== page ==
Black Women Oral History Project

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Black Women Oral History Project consists of interviews with 72 African American women from 1976 to 1981, conducted under the auspices of the Schlesinger Library of Radcliffe College, now Radcliffe Institute for Advanced Study.

Project Background[edit]

Beginning in 1977, Ruth Edmonds Hill coordinated and devoted herself to the completion of the project and to creating awareness of the rich information contained in the transcripts. The project began with the goal of capturing the lives and stories of women of African descent, many already in their 70s, 80s and 90s.[1] On the recommendation of Dr. Letitia Woods Brown, professor of history at George Washington University, and with funding secured from the Rockefeller Foundation, the project began to address what Dr. Brown noted as inadequate documentation of the stories of African-American women in the Schlesinger Library and at other centers for research.[2]

The project sought a cross section of women who had made significant contributions to American society in the first half of the twentieth century. Many interviewees had professional careers in such fields as education, government, the arts, business, medicine, law and social work. Others combined care for their families with volunteer work at the local, regional, or national level. Most of the interviews explored topics such as family background, education and training, employment, voluntary activities, and family and personal life. The intention was to give the interviewee the opportunity to explore and reflect on the influences and events that shaped her life.


Among the participants were Melnea Cass, Zelma George, Dorothy Height, Queen Mother Moore, Rosa Parks, Esther Mae Scott, Muriel S. Snowden, and Dorothy West. Volume 2 of the published work features conversations with Sadie Alexander, Elizabeth Barker, and Etta Moten Barnett.[3] Volume 3 includes interviews with Juanita Jewel Craft, Alice Dunnigan, and Eva B. Dykes, while Volume 10 features Charleszetta Waddles, Dorothy West, and Addie Williams.[3] All of the interviews are open for research with digitized materials, with the exception of the following: Merze Tate whose interview is not yet complete and five interviews that remain closed until 2027: Kathleen Adams, Margaret Walker Alexander, Lucy Mitchell, Ruth Temple, and Era Bell Thompson.[2]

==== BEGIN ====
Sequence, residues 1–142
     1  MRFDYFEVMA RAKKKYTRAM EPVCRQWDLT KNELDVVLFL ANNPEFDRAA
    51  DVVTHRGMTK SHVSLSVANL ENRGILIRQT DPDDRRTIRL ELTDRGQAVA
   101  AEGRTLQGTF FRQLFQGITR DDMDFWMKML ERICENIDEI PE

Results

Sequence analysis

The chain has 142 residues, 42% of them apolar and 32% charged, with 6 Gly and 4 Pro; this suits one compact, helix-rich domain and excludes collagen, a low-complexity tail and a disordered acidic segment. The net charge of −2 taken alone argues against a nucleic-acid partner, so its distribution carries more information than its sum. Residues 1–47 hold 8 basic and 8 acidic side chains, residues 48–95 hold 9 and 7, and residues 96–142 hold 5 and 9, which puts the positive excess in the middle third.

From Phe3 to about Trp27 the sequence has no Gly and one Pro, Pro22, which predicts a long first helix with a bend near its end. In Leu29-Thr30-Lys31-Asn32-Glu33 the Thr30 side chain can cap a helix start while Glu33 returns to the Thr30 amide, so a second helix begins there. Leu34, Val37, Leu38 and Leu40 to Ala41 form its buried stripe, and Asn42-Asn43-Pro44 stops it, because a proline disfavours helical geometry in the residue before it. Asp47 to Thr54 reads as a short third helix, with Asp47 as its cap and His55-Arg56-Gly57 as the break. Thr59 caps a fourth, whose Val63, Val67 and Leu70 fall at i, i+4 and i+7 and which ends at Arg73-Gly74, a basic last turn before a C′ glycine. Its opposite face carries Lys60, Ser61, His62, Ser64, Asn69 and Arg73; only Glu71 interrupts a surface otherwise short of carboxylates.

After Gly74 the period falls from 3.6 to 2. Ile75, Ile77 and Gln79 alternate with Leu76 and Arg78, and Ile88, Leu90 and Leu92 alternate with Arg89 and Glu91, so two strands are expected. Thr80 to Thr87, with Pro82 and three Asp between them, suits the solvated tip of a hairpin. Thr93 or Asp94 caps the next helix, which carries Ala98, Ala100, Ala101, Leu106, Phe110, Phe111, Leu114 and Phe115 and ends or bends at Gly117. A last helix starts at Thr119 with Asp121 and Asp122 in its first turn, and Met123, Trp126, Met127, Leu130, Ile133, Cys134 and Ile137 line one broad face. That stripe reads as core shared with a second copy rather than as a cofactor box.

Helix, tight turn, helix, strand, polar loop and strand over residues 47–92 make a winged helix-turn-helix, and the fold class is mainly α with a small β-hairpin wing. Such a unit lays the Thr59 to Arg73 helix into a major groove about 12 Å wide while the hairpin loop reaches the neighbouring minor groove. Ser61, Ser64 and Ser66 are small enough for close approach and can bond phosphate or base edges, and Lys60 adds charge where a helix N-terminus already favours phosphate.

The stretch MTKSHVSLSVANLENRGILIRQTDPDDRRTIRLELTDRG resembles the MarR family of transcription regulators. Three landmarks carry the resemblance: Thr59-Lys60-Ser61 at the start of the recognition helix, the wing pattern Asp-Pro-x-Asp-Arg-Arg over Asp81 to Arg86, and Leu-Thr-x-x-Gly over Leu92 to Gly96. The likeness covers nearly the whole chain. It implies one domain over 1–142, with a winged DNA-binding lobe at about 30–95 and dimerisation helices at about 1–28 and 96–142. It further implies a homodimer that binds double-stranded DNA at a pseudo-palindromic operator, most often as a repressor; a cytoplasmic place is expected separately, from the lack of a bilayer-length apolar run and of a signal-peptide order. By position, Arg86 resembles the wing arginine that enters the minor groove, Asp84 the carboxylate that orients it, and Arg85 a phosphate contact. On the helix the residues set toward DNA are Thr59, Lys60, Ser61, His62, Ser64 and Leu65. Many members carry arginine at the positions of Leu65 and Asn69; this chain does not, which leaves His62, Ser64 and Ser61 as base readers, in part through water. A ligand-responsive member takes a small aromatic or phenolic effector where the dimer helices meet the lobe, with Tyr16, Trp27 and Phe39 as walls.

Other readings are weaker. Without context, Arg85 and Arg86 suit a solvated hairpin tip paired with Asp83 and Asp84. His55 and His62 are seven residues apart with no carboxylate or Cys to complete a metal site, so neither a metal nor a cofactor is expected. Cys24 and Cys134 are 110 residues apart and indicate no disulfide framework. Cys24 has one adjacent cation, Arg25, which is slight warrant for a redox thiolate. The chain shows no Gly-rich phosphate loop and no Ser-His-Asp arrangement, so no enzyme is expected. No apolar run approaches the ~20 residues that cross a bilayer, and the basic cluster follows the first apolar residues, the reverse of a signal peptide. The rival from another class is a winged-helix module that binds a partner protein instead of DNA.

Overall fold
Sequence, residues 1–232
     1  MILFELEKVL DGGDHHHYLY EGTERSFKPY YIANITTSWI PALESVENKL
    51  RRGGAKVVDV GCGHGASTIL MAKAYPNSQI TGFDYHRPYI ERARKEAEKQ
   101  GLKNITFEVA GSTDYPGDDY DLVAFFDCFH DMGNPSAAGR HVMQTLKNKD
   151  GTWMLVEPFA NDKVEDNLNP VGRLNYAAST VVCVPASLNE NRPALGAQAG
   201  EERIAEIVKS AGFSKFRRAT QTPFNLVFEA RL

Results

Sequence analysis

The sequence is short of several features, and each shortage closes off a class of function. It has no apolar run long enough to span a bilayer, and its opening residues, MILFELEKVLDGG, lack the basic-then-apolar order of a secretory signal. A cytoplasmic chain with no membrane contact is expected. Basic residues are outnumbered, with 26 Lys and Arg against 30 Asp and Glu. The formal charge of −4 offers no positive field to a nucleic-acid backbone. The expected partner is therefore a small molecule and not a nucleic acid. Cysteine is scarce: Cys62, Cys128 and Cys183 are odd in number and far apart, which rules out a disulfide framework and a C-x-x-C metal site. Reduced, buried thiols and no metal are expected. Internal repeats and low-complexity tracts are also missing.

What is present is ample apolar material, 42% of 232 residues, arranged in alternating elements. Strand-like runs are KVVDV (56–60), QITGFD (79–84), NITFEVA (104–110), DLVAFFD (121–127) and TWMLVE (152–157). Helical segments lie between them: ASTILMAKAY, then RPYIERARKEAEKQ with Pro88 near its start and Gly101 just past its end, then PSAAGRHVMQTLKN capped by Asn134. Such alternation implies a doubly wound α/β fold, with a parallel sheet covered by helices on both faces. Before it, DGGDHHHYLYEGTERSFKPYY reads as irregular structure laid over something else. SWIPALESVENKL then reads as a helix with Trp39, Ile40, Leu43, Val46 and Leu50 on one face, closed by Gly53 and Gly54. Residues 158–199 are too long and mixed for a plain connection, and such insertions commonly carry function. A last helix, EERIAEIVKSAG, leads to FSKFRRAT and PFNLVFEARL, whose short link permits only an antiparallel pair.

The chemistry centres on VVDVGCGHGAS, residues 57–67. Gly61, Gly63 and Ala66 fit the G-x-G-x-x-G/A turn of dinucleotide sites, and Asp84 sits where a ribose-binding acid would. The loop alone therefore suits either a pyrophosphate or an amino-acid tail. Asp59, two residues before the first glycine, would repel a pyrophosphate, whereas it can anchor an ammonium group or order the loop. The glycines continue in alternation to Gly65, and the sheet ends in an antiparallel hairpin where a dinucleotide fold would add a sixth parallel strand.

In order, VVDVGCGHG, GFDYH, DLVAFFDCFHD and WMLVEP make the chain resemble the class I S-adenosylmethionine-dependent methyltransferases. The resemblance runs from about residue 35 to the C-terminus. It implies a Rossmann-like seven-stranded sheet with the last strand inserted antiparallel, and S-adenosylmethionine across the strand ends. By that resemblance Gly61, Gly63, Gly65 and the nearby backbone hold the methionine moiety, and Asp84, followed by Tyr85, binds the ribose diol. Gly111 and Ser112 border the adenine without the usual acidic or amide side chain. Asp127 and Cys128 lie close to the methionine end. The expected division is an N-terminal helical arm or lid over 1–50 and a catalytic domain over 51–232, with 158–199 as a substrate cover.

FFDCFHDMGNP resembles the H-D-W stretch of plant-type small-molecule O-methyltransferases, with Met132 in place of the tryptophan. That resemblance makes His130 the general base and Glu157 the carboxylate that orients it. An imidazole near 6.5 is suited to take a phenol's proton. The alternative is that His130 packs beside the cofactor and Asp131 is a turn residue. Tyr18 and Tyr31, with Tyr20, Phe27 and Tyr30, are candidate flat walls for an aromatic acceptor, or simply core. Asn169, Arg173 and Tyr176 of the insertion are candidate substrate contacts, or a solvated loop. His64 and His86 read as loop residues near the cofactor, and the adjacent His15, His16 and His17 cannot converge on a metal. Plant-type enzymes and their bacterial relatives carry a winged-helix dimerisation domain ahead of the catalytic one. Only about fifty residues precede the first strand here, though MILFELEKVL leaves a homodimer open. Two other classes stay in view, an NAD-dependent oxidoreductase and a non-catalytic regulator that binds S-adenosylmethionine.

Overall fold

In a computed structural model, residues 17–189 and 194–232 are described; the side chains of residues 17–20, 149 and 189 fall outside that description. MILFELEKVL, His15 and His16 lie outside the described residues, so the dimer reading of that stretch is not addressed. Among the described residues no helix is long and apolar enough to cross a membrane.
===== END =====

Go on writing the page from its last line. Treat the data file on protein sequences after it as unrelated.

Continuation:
The interviews were recorded on audiotape and transcribed and each interviewee was given an opportunity to edit and correct the transcript prior to the final printing. Both the transcripts and audiotapes have been archived and preserved at the Schlesinger Library. Copies of these materials are also held in the Sophia Smith Collection at Smith College and include the published guide to the transcripts; also the summary of each woman’s life and highlights of topics from their interviews, as well as an index.[4] Furthermore, the interviews and transcripts have been digitized and are available from the Schlesinger Library collection Black Women Oral History Project finding aid.

Related Projects[edit]

In 1981, Judith Sedwick offered to create portraits of a few of the interviewees, and later, with additional grant funding, photographed many more. The result is a collection of stunning photographs, which became a traveling exhibition, first shown in 1984 at the New York Public Library.[5] All of these photographs are also catalogued at Harvard's Visual Information Access (VIA) database and available to view as a collection under "Black Women Oral History".


  1. ^ Hill, Ruth Edmonds and Patricia Miller King, eds. (1989) The Black Women Oral History Project: A Guide to the Transcripts, p. iii.
  2. ^ a b Black Women Oral History Project Interviews; Finding Aid. OH-31, T-32/finding aid Schlesinger Library, Radcliffe Institute, Harvard University, Cambridge, Mass. Retrieved 20 May 2013
  3. ^ a b Ruth Edmonds Hill; Arthur and Elizabeth Schlesinger Library on the History of Women in America (1 May 1991). The Black women oral history project: from the Arthur and Elizabeth Schlesinger Library on the History of Women in America, Radcliffe College. Meckler. ISBN 978-0-88736-607-9. Retrieved 20 May 2013. 
  4. ^ Sophia Smith Collection, Smith College, Collection number MS 414, accessed 20 May 2013
  5. ^ Sedwick, Judith. Women of courage: an exhibition of photographs based on the Black Women Oral History Project (1984), sponsored by the Arthur and Elizabeth Schlesinger Library on the History of Women in America, Radcliffe College. Cambridge, Mass.: Radcliffe College, p 3-4.

External links[edit]